•Sharing From the “Purpose Driven Church” Part 11

Designing A Seeker Sensitive Service



1 Corinthians 14:23) [NRSV] If, therefore, the whole church comes together and all speak in tongues, and outsiders or unbelievers enter, will they not say that you are out of your mind?

Colossians 4:5) [NIV] Be wise in the way you act toward outsiders; make the most of every opportunity.


Most churches rarely attract unbelievers to their services because members are uncomfortable bringing them to church.

Why is this? There are 3 reasons:

  1. The target of the messages is primarily the Christians.
  2. The services are not designed for unbelievers.
  3. Members may be embarrassed by the quality of the services.

Consider why members don’t invite their unsaved friends:

  • The messages are for the Christian.
  • The songs are for the Christian.
  • The prayers are prayed in terms the Christian understands.
  • Even the announcements are for the Christian.

In order to grow our church we must get more people to visit us. No one becomes a church member without first being a visitor. A crowd is not a church, but to grow a bigger church we must first attract a crowd.

What is the most natural way to increase the number of visitors to your church? The answer is to create a service that is intentionally designed for your members to bring their friends to. We must make the service so attractive, appealing, and relevant to the unchurched that our members are eager to share it with their non-going church friends.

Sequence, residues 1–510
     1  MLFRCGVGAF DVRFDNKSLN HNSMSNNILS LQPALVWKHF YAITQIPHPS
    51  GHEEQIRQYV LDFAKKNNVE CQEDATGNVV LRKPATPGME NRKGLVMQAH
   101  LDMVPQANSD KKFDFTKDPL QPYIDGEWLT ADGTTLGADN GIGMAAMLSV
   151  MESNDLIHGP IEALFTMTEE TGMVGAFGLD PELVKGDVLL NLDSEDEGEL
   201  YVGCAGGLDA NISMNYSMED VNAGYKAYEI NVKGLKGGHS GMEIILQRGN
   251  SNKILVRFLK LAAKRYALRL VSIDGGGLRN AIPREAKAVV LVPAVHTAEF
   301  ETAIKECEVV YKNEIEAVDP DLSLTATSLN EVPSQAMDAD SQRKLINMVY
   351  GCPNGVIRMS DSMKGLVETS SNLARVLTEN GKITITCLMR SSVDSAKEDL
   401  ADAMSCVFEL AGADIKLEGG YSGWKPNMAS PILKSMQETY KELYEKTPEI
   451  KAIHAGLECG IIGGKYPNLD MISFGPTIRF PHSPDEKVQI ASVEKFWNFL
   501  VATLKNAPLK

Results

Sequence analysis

Plan the Service With Your Target In Mind:

At Rick’s church their target is Saddleback Sam, and his wife Samantha. We have to discover who our target is, and when we do we’ll call the couple “Walk of Grace Wally, and his wife Wilma” or, “Walk of Grace Gene, and his wife Gena.” if you have a thought where the names begin with either “W” or “G” let me know.

Most evangelical services conclude with an altar call. The problem is that the first 58 minutes of the service was aimed at the believer, and the final 2 at the unbeliever. The more logical approach would be to plan the entire service for the unbeliever.


Make It As Easy As Possible To Attend:

We Americans are conditioned to expect things to be convenient. Our goal should be to remove as many barriers as possible so that the unchurched will be more likely to attend.

1. Offer multiple service times. This gives people more than one opportunity to attend. Saddleback has 4 identical weekend services for the unchurched: Saturday at 6 PM and Sunday morning at 8 AM, 9:30 AM, and 11:15 AM.

2. Offer surplus parking. If we want people to come to church we have to supply them with a place to park their cars.

3. Offer children’s Sunday school simultaneously with the service. The unchurched don’t want to deal with restless children, either theirs or someone else’s.